Recovering Healing Communities, Rufus May
Talk given at Social Perspectives Network, Recovery and Diversity Study Day 16/10/07
Recovery is a word that has been used recently in mental health contexts. I like the flexibility of the recovery concept: We can talk about recovery from many things, we do not need to assume that to talk of recovery we have to imply that we are recovering from a ‘mental disorder’. For example: We can consider how we recover from spiritual crisis, from alienation, from a toxic society, from emotional trauma, from a psychiatric system, from mental distress, or from demoralization. In my experience it is important for people to be able to define for themselves what they are recovering from. In this talk I will look at how do we recover groups of people and relationships that support the healing process.
The limitations of organisational approaches to recovery
There are many different ways to recover some people use psychiatric medication and find it helpful, some people prefer to avoid the use of psychiatric drugs or minimize their use. The Recovery report (‘a common purpose: recovery in future mental health services’) by CSIP, RCP and SCIE brought out earlier this year, in part provoked this conference. Therefore I will briefly comment on it. The report does do some good by acknowledging the role of hope, strengths and social resources as important to focus on in service provision. However it does not acknowledge the fact that many people have found that an important part of their recovery was to reduce their use of psychiatric drugs or avoid using them in the first place. This is important, as reducing medication is something that prescribers are generally bad at doing. In stead the report repeatedly defends established treatments and in the report’s only quote that outlines someone’s personal experience, recovery writer Pat Deegan says how she continues to find medication useful. What the report avoids is the central need to put the service users views about how they wish to approach their recovery at the heart of service provision. It also avoids neatly the finding in the recovery literature that many people find meaning in their actual experiences of distress and confusion. The report weakens this to a vaguer statement about how ‘finding meaning in personal experience can be important’. If people are able to find meaning in experiences such as hearing voices, feelings of despair or mania this significantly challenges traditional treatment approaches which seek to suppress experiences rather than work with them meaningfully. It is therefore important for this aspect of recovery accounts to be overlooked by the establishment otherwise we would need to acknowledge the role psychiatric systems have had in denying the important social roots of people’s distress. The report emphasizes the people who use mental health service’s ongoing disability and implies their ongoing dependence on mental health services. This kind of recovery may keep the status quo unperturbed but does not give us a very adventurous vision of future mental health service provision.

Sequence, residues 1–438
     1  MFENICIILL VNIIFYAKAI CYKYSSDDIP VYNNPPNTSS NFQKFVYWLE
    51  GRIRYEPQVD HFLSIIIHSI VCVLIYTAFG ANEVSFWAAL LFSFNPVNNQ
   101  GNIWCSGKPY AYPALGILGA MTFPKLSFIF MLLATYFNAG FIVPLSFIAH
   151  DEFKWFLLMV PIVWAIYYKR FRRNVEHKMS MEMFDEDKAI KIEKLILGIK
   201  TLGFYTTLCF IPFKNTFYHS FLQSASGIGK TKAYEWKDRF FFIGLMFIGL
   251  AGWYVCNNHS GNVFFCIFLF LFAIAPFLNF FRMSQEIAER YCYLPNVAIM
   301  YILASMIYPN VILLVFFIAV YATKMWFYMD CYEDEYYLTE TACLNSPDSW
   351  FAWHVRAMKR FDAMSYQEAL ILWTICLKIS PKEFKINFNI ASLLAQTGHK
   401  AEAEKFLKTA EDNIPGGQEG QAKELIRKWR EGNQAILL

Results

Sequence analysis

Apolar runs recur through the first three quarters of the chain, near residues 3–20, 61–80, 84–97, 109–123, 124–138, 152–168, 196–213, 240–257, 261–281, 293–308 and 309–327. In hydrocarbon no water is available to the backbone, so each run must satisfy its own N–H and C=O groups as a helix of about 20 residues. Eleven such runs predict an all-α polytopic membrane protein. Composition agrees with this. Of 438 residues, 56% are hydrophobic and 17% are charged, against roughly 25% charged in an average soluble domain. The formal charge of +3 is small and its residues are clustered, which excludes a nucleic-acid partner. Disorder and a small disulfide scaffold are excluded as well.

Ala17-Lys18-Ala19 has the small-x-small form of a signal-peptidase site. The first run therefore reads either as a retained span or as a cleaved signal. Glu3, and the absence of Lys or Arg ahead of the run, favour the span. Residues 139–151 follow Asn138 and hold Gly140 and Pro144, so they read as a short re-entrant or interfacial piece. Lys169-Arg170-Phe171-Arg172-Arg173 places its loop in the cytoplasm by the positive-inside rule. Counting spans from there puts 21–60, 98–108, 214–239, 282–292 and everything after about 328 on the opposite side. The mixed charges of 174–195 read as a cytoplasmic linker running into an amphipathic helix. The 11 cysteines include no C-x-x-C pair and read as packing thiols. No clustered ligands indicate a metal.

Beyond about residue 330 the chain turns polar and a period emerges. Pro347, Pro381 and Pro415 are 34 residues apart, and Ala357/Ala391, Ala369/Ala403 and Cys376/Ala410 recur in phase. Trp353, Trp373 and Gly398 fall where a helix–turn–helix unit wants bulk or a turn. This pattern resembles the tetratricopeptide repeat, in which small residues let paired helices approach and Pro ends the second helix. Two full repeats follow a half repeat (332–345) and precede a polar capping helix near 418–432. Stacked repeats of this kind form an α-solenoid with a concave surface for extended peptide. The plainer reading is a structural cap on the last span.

The ‘common purpose’ recovery report appears to be a dilution of the values of recovery literature: A rear guard action to assimilate and weaken the implications of recovery accounts and research. We can expect mental health establishment organizations to do this.
Recovering Healing Communities
For me recovery is a concept with strengths and limitations like any other. For this discussion I am interested in thinking about applying recovery to communities. How can we recover healing communities? Communities that listen, that enable, that offer space for growth and change in a flexible way; Communities that allow people to speak their truths, that create atmospheres of trust and allow people to choose ways forward in their lives, that enable conflicts to be peacefully resolved. If we are to recover healing communities the implications for how we do things in mental health are radical. It will not come from top-down policy directives but from grass roots pressure that the media will no longer be able to ignore. We have to say loudly that our experiences of distress and confusion are meaningful that they relate to social injustices and cultural contexts, that our so-called symptoms are messengers that should not be shot down with mind numbing medication but listened to and made sense of.